Hard-to-abate CO2 emissions are often compensated by companies with voluntary CO2 certificates from so-called offset markets. Transforming these offset markets into harmonized CO2 removal markets that also include the growing supply of certificates from technical CO2 removal would add an important component to international CO2 pricing. The COP26 world climate conference in Glasgow could now set an important course for this.
Recognizing the need for technical removal of CO2 from the atmosphere and trading of associated CO2 credits is an important task for the upcoming COP26 to address as part of fleshing out Article 6 of the Paris Climate Agreement. In 2019, no agreement was reached at the Madrid COP for the implementation of Article 6. However, it is critical to the efficient achievement of the Paris climate goals, as it aims to ensure that countries establish as extensive an international CO2 market as possible. This is, of course, not limited to CO2 removals.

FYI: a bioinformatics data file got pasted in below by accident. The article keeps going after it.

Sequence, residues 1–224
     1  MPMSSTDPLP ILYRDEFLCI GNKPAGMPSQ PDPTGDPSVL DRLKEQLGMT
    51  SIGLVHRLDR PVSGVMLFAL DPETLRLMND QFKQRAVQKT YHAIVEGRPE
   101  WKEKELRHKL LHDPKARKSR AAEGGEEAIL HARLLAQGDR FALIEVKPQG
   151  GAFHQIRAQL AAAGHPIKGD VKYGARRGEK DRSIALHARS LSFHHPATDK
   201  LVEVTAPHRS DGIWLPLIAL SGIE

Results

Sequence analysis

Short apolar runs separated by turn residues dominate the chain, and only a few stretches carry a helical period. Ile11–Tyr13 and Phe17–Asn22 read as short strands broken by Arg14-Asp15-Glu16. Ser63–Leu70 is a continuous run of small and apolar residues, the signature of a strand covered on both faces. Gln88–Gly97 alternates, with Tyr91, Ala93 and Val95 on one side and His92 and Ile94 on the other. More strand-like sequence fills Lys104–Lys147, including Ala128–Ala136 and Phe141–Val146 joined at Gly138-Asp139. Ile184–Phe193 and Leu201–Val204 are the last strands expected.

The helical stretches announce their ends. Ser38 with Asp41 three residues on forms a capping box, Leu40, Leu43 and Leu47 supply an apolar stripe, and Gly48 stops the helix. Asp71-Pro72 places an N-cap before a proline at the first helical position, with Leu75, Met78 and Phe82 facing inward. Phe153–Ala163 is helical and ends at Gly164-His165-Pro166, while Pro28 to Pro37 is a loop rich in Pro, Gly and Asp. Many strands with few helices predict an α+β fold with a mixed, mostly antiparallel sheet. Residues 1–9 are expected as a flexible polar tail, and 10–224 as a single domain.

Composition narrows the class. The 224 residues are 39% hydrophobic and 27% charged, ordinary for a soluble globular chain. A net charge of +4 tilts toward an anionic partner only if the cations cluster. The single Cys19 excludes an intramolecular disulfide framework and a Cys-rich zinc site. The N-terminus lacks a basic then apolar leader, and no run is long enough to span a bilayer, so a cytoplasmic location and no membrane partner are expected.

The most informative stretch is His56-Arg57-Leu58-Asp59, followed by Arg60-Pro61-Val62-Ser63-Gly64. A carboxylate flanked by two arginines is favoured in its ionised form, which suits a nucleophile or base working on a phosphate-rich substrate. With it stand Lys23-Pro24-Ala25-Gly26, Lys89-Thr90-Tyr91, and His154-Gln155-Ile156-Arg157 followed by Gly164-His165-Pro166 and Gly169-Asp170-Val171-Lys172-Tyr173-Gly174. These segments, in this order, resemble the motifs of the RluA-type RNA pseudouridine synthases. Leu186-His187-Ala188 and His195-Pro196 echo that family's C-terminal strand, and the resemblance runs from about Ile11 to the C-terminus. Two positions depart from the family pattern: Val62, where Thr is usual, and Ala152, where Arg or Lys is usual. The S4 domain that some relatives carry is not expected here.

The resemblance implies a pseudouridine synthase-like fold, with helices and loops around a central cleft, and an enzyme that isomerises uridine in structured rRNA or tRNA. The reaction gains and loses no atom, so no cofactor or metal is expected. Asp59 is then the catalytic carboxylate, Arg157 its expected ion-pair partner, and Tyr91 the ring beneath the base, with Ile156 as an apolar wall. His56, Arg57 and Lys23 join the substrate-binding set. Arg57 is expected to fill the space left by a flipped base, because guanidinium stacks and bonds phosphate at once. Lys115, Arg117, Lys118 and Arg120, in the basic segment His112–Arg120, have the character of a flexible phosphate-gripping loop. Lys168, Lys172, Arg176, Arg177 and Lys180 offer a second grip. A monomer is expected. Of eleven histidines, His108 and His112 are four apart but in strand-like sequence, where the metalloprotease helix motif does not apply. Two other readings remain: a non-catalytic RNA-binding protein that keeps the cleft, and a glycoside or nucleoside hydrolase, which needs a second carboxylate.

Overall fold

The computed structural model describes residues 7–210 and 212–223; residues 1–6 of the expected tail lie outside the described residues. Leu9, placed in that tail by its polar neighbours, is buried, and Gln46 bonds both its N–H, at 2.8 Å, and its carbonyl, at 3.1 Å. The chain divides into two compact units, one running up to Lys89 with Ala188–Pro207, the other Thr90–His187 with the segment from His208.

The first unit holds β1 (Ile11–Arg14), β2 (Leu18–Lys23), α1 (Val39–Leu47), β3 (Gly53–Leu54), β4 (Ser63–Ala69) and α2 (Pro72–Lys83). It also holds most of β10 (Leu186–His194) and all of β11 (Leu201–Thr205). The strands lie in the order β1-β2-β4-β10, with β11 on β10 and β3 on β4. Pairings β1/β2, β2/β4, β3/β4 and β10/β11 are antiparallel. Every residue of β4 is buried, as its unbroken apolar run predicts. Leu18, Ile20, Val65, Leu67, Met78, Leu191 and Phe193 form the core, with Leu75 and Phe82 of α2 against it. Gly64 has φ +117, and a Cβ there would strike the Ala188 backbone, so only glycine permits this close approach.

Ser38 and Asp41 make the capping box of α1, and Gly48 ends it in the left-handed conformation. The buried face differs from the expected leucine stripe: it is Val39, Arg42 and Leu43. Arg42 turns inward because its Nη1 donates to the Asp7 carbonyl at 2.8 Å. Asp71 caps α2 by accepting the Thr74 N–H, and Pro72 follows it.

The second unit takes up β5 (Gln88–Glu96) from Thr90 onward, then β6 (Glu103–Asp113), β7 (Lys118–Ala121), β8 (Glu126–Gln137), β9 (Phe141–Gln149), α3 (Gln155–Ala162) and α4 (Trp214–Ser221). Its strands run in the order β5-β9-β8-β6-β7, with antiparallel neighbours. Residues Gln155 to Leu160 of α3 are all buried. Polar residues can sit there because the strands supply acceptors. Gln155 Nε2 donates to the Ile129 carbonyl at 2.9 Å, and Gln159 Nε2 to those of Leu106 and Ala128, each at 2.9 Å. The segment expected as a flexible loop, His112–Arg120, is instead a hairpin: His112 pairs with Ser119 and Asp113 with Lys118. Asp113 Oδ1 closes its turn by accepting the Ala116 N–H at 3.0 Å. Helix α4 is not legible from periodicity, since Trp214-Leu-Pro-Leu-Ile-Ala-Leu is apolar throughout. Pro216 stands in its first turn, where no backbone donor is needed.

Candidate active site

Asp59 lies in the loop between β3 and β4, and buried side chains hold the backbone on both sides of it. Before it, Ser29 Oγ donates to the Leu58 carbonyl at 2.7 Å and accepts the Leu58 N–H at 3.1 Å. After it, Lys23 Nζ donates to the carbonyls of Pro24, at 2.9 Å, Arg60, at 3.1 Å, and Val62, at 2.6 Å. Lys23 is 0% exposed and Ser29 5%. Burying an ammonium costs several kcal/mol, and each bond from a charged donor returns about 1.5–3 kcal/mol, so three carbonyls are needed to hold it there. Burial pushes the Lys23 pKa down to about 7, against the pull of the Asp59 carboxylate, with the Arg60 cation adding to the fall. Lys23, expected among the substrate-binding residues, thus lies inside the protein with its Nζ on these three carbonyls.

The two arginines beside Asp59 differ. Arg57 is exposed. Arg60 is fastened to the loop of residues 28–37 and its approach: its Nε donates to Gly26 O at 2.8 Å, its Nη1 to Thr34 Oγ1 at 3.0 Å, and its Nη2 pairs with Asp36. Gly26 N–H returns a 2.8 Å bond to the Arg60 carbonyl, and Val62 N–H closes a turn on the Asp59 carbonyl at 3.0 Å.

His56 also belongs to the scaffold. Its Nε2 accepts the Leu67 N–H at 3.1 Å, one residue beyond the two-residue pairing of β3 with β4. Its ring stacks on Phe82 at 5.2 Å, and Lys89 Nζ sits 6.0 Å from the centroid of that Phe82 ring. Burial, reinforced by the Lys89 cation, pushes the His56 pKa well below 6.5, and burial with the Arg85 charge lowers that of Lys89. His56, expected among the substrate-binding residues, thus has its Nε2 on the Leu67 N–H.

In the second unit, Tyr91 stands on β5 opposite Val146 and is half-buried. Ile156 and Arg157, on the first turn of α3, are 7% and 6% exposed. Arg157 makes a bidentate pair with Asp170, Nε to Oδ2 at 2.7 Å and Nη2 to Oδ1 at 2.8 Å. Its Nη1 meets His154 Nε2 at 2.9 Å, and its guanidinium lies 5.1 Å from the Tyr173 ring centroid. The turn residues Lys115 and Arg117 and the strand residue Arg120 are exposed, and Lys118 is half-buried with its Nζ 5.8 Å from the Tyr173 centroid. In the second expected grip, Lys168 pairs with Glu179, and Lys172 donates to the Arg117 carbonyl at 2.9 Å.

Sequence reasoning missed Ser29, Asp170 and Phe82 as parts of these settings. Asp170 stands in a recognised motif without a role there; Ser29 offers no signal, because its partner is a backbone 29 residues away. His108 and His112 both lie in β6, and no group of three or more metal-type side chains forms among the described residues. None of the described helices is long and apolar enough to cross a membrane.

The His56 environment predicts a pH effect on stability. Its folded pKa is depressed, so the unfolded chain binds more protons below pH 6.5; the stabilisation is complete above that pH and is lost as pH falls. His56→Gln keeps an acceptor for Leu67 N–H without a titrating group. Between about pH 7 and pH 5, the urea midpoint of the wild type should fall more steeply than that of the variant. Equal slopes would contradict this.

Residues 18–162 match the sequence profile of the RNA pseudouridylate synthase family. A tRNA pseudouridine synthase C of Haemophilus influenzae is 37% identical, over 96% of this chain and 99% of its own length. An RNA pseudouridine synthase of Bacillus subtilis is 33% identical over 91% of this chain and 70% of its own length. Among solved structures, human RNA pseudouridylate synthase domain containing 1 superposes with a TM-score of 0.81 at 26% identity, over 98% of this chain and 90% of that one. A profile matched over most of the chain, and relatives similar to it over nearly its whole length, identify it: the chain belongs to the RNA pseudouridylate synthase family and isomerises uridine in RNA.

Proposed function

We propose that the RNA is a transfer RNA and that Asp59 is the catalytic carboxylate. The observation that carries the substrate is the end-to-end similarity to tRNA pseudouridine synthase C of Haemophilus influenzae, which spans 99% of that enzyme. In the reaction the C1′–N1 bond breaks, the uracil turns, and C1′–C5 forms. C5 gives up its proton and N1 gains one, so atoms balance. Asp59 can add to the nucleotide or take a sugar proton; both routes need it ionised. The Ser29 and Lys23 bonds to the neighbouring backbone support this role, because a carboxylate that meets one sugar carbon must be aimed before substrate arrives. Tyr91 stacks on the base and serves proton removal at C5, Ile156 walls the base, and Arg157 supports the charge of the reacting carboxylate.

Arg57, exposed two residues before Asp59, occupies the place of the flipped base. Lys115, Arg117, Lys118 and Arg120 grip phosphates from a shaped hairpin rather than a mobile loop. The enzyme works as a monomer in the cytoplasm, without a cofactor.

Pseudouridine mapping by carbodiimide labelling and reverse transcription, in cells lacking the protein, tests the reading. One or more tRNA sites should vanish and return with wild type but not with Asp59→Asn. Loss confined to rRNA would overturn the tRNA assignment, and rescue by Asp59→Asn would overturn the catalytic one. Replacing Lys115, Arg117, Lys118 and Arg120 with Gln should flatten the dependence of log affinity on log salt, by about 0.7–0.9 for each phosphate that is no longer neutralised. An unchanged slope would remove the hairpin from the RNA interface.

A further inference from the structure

CO2 markets basically allow emission reductions to be achieved where it is most cost-effective. In addition to emissions trading between companies in countries with defined reduction targets, the so-called CO2 offset market has become established as a result of the Kyoto Protocol, i.e. the reduction of emissions through projects in countries without reduction targets, supplemented or meanwhile replaced by the voluntary CO2 offset market. However, CO2 offset markets, which mainly generate CO2 certificates from additional avoidance of CO2, will not be able to meet the growing demand.
Demand for CO2 certificates increases, supply decreases
As more and more companies announce plans to achieve net-zero CO2 or net-negative CO2 emissions, global demand for CO2 certificates is projected to increase in order to achieve these goals faster and to offset hard-to-avoid CO2 emissions. The Taskforce on Scaling Voluntary Carbon Markets, with support from McKinsey, estimates that demand for CO2 allowances in CO2 offset markets could increase by a factor of 15 by 2030 and by a factor of 100 by 2050.